They used to tell a joke about Gerry Studds - the reason he didn't used bookmarks was that he bent over the pages. But Larry Craig is the nasty pervert who should lose his job. Blaahhhh!

Seven Machos said...

1. This story only has wings because of the Elmer Gantry subtext of it all.

2. Let's please keep the exchange her above the level of a Blueboy short story.

3. There's no excuse whatsoever for the police to be running stings for this crime. This is a crime -- like most crimes -- that ought to be deterred, in this case by having the police walk around the lavatory, especially at the airport, where people could be doing seriously bad stuff like putting together pipe bombs in the bathroom as well. Having a sting for this is purely fascist. Get off you asses, fuzz, literally, and deter.

4. Do women engage in this kind of thing?

AllenS said...

The police responded to complaints that travelers had made about the homosexual behavior in the restrooms. I expect the police to act, when complaints are made. St. Paul, MN have taken a proactive stance against prostitution. Go to Google, type in: St. Paul Police prositution. You'll see some of the sorriest looking people who prowl the streets looking for sex. It makes the neighborhoods or restrooms where this takes place unsafe. In public places, nobody wants to be sexually harassed. Having your name and picture posted is supposed to help stop this.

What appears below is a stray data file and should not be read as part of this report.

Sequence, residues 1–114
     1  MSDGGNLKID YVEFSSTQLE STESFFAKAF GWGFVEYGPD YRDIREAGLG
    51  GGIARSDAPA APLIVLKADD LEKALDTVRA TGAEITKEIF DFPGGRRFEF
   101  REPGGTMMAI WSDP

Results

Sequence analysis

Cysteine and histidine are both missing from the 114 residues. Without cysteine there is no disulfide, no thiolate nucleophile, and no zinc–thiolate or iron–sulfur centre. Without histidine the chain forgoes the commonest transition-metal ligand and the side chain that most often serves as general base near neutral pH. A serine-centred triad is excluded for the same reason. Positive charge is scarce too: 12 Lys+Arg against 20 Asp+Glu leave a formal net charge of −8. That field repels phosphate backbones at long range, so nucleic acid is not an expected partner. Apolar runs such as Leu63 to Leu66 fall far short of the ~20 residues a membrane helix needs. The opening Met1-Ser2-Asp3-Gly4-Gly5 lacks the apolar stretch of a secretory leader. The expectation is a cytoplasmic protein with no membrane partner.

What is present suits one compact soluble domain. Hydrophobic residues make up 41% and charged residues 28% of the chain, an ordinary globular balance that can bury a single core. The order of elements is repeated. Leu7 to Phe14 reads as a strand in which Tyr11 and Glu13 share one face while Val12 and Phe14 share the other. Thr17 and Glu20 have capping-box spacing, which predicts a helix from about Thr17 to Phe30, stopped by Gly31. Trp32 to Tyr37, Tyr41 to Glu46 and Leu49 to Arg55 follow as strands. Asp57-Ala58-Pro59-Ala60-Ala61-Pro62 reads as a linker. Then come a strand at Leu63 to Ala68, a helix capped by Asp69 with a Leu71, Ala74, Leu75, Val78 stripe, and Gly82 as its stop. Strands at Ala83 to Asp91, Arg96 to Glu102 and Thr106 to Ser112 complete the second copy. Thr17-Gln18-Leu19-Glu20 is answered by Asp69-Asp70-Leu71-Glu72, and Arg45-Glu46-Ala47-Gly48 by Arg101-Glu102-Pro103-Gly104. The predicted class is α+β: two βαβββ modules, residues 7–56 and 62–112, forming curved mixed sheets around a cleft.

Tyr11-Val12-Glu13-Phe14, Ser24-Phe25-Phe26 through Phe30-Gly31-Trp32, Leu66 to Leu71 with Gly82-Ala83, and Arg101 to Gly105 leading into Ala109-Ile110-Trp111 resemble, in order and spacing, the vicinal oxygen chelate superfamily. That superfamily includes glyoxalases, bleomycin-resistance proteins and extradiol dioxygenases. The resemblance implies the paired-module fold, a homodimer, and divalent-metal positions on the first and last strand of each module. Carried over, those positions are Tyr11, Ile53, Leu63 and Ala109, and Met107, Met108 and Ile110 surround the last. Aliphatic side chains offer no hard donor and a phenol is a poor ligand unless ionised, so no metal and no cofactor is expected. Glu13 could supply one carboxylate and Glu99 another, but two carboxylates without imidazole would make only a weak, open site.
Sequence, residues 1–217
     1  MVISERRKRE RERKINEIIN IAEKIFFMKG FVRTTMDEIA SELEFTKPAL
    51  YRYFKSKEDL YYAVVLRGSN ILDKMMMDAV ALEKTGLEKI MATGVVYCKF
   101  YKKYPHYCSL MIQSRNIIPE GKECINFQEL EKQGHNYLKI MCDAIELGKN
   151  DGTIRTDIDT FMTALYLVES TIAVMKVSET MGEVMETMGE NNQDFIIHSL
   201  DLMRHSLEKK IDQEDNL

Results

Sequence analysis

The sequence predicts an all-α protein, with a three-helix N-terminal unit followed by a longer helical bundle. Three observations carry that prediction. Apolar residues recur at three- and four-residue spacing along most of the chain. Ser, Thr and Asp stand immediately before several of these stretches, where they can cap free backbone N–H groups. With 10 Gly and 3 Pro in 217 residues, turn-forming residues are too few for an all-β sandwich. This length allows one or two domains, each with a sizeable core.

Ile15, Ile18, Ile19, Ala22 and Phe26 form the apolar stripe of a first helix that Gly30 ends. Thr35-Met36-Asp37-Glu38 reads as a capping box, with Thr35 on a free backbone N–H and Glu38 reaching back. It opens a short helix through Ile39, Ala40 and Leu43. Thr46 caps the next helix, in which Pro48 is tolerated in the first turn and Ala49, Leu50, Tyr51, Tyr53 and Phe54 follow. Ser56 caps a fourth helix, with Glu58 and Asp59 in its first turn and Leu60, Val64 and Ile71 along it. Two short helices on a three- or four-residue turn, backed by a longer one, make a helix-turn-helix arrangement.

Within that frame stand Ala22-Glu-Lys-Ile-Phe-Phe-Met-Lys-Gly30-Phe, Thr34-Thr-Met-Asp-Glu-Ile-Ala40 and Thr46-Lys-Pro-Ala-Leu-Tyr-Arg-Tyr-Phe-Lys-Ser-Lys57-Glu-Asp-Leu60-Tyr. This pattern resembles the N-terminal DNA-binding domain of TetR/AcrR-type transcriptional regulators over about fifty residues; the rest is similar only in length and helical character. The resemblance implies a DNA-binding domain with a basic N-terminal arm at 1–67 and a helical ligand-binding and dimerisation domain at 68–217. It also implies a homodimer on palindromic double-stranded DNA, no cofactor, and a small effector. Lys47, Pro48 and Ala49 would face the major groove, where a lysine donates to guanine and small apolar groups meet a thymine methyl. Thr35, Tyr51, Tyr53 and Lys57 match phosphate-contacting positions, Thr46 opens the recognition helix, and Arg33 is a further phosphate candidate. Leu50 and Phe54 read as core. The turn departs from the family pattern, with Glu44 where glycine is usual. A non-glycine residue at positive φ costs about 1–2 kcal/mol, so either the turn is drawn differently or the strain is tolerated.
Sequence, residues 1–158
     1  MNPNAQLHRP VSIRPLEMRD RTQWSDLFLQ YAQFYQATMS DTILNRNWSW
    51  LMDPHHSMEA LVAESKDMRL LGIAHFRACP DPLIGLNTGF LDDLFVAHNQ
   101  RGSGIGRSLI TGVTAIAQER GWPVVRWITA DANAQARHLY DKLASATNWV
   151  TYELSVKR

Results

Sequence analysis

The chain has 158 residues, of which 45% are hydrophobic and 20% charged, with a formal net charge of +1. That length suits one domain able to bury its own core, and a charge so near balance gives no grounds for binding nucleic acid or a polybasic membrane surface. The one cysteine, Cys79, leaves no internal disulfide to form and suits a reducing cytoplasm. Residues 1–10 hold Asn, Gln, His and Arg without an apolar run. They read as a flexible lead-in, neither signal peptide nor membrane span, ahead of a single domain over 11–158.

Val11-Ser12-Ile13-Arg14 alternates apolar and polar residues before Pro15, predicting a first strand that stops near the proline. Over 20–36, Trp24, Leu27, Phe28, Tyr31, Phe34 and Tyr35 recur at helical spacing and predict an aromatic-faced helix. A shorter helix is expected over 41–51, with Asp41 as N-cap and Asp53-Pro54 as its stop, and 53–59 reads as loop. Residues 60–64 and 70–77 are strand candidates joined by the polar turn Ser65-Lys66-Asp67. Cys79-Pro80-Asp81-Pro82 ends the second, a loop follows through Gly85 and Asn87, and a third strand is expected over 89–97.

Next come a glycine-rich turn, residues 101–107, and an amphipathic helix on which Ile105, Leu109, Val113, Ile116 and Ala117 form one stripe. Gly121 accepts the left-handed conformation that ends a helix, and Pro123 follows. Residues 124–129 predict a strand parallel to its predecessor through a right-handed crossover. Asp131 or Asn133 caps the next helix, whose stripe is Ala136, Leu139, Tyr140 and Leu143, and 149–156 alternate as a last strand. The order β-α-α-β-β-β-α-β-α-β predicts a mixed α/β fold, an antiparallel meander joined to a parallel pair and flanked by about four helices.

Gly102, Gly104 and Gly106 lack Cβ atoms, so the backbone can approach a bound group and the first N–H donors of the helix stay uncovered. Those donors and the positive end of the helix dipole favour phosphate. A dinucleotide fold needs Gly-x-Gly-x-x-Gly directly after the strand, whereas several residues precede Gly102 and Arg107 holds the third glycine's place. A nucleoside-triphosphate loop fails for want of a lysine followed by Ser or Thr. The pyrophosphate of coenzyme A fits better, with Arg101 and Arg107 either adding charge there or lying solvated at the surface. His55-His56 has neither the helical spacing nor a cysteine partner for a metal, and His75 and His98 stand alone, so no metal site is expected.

Seven Machos said...

I expect the police to deter crime when complaints are made. I don't expect them to set up a sting operation for every kind of crime, or even most crimes. It would be ludicrous.

corporate law drudge said...

"the man is competent to be a Senator"

Now that's a high bar.

Sloanasaurus said...

Richard is right. The double standard is obvious.

As Althouse pointed out, Disorderly conduct is the catch-all charge. I was a prosecutor long ago and we charged anyone who raised their voice or did something weird with disorderly conduct. It means nothing. It’s usually the charge that results if a cop has to show up and finds you on the scene.

Craig did not plead to lewd conduct, yet that is what has been reported. According to the police report, however, Craig did nothing lewd.

In fact, Craig was quite "private" in his attempt to "solicit" the undercover officer considering that his first "moves" required a response by the officer. Craig did nothing that could be witnessed by anyone else in the bathroom. A whistle by construction guys as women walk by is technically more "lewd" than what Craig did.

As for peeping, what did Craig actually do? Does checking to see if there are feet in the various stalls (so you know which ones are occupied) constitute peeping? I imagine there is a lot of unintentional peeping going on in restrooms.